Best practices of using const

H. S. Teoh hsteoh at
Wed Feb 13 16:40:18 UTC 2019

On Wed, Feb 13, 2019 at 11:32:46AM +0000, envoid via Digitalmars-d-learn wrote:
> In C++ we have const correctness in some way. A compiler can make
> optimizations whenever it doesn't find a const_cast and the mutable
> specifier marks members that aren't a part of the object state. Of
> course, it's not perfect but one can document their intentions and
> it's possible to use synchronization primitives without an issue. On
> the opposite side, D has a stricter (transitive) const and it's almost
> useless in many cases. Is there an article that explains best
> practices of using const in D? The statement "In C++ const isn't
> transitive so we fixed that." alone isn't convincing. The only way I
> see right now is omitting the const keyword completely which is
> ridiculous.

Const in D is very restrictive because it's supposed to provide real
compiler guarantees, i.e., it's statically verifiable that the data
cannot be changed.

Unfortunately, that guarantee also excludes a lot of otherwise useful
idioms, like objects that cache data -- a const object cannot cache data
because that means it's being mutated, or lazily-initialized objects --
because once the ctor has run, the object can no longer be mutated. Most
notably, D's powerful range idiom is pretty much unusable with const
because iteration over a range requires mutating the range (though
having const *elements* in a range is fine).  This doesn't seem as bad
at first glance, but it wreaks havoc on generic code, another thing that
D is purportedly good at. It's very hard (and often impossible) to write
generic code that works with both const and mutable objects.

In practice, I've found that using const is really only sustainable at
the lowest levels of code, to guarantee low-level non-mutability of PODs
and other low-level objects.  It's also useful for representing a
reference to data that could be either mutable or immutable, in this
"type inheritance" diagram that's very helpful for D learners to
understand how D's const system works:

	       /   \
	mutable     immutable

I.e., mutable and immutable are implicitly convertible to const, but
const is not implicitly convertible to either.  Immutable in D is a hard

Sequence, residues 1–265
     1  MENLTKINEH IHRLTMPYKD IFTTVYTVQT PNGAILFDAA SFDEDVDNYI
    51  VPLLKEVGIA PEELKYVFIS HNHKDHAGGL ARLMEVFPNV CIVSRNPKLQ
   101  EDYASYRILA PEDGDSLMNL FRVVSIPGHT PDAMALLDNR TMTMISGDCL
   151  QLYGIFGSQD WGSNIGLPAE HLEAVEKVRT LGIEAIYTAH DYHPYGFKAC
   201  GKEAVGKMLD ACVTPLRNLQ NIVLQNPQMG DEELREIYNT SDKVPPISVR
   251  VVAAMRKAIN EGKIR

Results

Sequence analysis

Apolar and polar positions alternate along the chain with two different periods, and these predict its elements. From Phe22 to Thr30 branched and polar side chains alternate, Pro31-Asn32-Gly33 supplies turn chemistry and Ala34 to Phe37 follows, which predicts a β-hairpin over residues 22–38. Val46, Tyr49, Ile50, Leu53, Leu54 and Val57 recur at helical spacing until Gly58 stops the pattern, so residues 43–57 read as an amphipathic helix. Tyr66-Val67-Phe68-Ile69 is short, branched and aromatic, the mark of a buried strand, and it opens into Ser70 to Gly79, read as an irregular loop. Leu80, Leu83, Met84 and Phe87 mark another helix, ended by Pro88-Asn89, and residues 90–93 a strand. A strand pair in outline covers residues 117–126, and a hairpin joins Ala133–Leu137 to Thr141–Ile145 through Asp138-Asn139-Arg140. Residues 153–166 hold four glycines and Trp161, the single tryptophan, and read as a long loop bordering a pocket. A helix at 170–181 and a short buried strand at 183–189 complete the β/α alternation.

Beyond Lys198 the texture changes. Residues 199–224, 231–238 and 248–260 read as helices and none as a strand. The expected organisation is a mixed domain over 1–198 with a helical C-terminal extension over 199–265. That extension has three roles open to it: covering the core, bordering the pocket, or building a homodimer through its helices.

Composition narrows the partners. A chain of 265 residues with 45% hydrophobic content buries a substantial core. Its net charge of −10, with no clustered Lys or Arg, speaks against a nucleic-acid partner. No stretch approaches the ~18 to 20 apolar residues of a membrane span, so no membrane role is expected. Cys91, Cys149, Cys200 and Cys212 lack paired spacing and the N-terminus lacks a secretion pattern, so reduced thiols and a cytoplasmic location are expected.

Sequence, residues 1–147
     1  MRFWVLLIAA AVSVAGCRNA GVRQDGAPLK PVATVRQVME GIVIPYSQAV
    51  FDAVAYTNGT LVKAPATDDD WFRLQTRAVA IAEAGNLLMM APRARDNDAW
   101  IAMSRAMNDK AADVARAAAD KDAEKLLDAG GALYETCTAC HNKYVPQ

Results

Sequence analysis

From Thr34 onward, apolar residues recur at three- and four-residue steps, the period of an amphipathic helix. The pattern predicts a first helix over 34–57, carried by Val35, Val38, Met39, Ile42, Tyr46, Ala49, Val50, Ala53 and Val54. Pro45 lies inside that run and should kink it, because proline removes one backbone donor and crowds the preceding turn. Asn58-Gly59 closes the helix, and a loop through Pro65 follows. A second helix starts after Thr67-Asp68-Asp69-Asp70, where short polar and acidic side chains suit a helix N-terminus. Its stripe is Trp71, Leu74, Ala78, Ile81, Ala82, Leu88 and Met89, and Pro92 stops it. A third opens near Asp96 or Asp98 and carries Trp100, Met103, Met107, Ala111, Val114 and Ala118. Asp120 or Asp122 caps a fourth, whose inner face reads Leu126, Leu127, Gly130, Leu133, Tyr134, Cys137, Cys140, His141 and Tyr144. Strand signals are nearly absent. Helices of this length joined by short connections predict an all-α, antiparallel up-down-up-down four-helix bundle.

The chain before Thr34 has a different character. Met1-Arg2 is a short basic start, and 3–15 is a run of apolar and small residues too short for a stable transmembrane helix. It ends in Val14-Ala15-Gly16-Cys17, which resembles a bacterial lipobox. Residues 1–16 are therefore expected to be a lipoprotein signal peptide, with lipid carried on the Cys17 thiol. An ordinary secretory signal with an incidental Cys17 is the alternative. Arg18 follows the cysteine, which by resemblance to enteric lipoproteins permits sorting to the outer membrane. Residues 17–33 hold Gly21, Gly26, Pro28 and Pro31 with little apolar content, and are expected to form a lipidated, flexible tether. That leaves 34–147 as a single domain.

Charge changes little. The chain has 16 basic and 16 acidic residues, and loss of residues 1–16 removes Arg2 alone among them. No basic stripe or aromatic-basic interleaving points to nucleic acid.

guarantee that the data cannot ever be changed by anyone in any thread.
Const means the holder of the const reference cannot mutate it, but a
3rd party could possibly hold a mutable reference to it and mutate it
that way. So it's a somewhat weaker guarantee.  But that's beside the
point.  The point is that when your code doesn't touch the data but you
want to be able to pass both mutable and immutable arguments to it,
const is the ticket.

But given the restrictiveness of const, it's a rare occasion when you
actually have to do this. The most notable exception being D strings,
which are defined to be immutable(char)[], i.e., a (mutable) array of
immutable chars (meaning the array itself can be changed, e.g., by
slicing, changing length, etc., but the underlying char data is
immutable).  Some of my own projects use const(char)[] quite often, in
order for the code to be able to accept both mutable char[] and string
(i.e., immutable(char)[]).

Outside of this, I only use const rarely, maybe in the occasional query
method in a low-level type where I'm sure mutation will never be
necessary.  Even in such cases, I rarely use const, because it's
infectious and a seemingly small change of adding const to a getter
method sometimes percolates throughout the entire codebase and requires
const correctness everywhere else, usually ending in a stalemate when it
reaches something like a range that needs to be mutable and cannot be
made const without onerous refactoring.  It's *possible* in theory to
make everything const-correct, but it's quite onerous and honestly only
of limited benefit relative to the sheer amount of effort required to
pull it off.  So most of the time I just don't bother except in the
lowest levels of code where the scope of const's infectiousness is

So ironically, the iron-clad semantics of D's const system turns out to
be also its own downfall.


Obviously, some things aren't very obvious.

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